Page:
Beginner Math (3-4 years old)

Foster a love for math and science at an early age with a class that supports logic, critical thinking and scientific inquiry.
Start with Beginner Math Skills for early learners, then advance to Intermediate Math Skills to get ready for Kindergarten.
Class Announcements
Each week your child will be able to access a homework assignment that corresponds with the weekly lesson.
We strongly recommend that you purchase the MathLink Cubes (200 pack) as we’ll be using them in weekly lessons.
Beginner Math Skills

1.Number and calculation
  • Counting within 20
  • Addition and subtraction within 5, 10 and 20
  • Series of additions and subtractions within 10
2.Logic and spatial thinking
  • The characteristics and formation of 2D shapes
  • Reading an analog clock
  • Pattern and spatial orientation
  • Sorting/classification
Science experiments (basic sense about chemistry, biology and physics)
  • Formation of rain cloud
  • Learn buoyancy and density
  • Balloon Rocket
  • And more…
SOME of the concepts incorporated into Beginner Math Skills are:
Problem Solving:
Convergent problem solving - the ability to gather individual pieces of information together in one’s mind and come to a single solution to a problem.
Divergent problem solving - the ability to gather many pieces of information and consider a variety of possible solutions to a problem.
Number Sense:
The concept of understanding numbers will help children to understand the connections between quantities, counting, more, less, etc.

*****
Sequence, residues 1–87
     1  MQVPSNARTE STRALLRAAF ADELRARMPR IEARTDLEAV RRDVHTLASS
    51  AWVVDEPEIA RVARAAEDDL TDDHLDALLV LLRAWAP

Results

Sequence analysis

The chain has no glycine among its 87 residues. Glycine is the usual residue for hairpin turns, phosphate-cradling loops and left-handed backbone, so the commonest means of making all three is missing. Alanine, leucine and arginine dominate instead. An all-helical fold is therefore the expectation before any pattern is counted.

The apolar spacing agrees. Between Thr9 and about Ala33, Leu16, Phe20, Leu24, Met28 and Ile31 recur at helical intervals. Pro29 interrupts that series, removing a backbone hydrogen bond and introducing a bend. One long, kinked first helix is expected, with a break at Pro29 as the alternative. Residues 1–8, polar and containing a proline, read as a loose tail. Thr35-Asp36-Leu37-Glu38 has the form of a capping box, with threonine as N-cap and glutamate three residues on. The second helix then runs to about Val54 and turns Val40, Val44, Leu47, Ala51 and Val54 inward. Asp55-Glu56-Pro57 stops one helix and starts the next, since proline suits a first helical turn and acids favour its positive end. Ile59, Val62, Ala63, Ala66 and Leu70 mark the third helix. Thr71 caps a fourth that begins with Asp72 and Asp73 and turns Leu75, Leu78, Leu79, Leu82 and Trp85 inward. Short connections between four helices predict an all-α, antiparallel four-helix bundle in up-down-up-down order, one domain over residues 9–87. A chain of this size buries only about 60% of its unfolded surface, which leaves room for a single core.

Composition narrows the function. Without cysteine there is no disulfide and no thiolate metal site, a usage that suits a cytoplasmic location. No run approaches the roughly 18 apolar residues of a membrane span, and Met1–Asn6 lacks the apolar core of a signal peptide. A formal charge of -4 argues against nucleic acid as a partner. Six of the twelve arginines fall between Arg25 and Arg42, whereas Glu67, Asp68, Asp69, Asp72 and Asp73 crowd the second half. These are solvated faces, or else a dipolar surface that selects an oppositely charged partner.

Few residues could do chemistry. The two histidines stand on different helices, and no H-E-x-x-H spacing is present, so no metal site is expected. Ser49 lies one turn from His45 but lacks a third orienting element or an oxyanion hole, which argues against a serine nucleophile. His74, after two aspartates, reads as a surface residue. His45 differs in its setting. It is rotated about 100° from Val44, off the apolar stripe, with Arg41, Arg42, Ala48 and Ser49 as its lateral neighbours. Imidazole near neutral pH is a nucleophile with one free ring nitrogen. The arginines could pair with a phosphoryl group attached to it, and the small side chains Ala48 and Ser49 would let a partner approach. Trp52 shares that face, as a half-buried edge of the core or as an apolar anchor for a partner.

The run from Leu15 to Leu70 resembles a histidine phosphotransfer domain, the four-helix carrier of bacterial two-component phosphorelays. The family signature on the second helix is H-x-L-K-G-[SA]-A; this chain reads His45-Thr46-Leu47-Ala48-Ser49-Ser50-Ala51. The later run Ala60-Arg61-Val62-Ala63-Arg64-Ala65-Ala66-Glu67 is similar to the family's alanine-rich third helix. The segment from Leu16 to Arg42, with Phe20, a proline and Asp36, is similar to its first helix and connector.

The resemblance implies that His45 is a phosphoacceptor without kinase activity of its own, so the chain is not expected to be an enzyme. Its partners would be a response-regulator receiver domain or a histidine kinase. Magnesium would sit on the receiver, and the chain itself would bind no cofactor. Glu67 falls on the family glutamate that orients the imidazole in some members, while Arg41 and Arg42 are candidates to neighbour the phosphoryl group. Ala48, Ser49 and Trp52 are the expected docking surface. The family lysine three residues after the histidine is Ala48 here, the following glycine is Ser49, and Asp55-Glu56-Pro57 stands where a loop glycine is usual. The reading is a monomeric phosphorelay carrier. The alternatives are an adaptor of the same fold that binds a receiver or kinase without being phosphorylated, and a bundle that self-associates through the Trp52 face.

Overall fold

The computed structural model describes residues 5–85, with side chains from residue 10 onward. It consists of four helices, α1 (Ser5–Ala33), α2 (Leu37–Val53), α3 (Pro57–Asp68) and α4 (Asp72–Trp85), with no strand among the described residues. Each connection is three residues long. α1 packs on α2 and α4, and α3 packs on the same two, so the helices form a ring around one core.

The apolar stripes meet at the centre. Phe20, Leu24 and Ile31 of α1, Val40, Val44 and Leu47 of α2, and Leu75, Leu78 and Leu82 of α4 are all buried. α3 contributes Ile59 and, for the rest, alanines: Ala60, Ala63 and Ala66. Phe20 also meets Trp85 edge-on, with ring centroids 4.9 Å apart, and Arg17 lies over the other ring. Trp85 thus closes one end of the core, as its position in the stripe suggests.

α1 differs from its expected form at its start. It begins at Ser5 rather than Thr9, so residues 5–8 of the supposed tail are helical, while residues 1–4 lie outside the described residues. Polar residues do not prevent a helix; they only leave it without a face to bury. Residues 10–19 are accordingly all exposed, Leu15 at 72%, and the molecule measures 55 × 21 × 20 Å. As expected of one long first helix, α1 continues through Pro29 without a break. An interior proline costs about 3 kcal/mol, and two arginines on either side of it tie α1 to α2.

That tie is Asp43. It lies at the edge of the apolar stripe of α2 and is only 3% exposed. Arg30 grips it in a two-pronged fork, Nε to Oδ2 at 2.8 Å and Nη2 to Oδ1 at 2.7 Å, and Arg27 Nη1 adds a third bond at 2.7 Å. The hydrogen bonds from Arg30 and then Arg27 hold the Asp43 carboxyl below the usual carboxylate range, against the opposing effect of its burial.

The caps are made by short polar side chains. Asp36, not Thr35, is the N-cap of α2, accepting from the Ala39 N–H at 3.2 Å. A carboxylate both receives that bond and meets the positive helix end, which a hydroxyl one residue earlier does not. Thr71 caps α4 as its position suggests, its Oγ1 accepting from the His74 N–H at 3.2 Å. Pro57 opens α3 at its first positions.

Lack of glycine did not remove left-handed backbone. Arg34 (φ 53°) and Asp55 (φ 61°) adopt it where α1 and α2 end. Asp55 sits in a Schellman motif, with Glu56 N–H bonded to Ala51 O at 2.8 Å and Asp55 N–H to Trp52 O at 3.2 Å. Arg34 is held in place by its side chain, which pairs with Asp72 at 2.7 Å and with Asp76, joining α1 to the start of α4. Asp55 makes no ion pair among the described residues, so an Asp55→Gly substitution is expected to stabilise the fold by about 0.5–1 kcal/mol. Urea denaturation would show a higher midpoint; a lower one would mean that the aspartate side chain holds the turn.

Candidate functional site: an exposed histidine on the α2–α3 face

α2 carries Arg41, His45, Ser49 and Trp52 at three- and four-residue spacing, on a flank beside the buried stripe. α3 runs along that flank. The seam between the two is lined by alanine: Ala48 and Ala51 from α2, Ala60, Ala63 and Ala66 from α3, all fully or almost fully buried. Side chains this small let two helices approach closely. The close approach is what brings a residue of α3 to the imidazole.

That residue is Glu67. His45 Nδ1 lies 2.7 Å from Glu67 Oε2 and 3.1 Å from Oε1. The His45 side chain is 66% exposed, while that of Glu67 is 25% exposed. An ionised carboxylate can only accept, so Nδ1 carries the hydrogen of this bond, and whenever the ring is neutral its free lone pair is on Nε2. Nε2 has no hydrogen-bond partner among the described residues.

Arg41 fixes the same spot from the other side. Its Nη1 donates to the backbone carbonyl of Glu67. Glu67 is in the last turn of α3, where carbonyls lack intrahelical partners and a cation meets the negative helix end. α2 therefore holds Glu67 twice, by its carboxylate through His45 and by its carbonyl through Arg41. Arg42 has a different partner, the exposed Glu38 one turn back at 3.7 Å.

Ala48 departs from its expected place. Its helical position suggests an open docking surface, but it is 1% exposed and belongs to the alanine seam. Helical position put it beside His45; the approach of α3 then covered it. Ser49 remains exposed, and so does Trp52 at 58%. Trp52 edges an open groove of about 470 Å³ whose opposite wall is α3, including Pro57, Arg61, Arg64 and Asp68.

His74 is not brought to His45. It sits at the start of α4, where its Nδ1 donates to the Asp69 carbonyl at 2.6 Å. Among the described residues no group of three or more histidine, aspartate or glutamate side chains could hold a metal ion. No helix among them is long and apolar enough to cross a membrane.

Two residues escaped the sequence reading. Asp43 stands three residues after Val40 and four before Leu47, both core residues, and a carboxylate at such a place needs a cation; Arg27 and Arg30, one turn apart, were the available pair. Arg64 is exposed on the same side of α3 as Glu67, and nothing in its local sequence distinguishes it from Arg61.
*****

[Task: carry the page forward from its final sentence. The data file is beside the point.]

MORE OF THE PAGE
Shapes are also known as early geometry! That’s right…what is geometry but the study of shapes? At this age, rather than work with formulas for diameters and circumferences, they will identify basic shapes by comparing, sorting, classifying and drawing them.
Spatial Sense:
Spatial sense is the ability to place items in the correct spaces or places using a logical design or a pattern. As an example, we see this when children are working on puzzles.
When ordering or seriating items, the child compares more than two items or groups and places them in a logical sequence, like lowest to highest, smallest to largest, first to last. Eventually, they will come to understand that 6 is higher than 5 or 20 is higher than 10.
Patterns are the ability to place items in a specific order that repeats, such as: patterning a pompom caterpillar in an AB pattern—yellow, blue, yellow, blue; patterning the children in a line—boy, girl, boy, girl.
There are 2 types of counting children will learn:
Rote Counting- reciting numbers in order from memory.
Rational Counting- is counting items in a group and then understanding that the last number stated IS the amount for the set.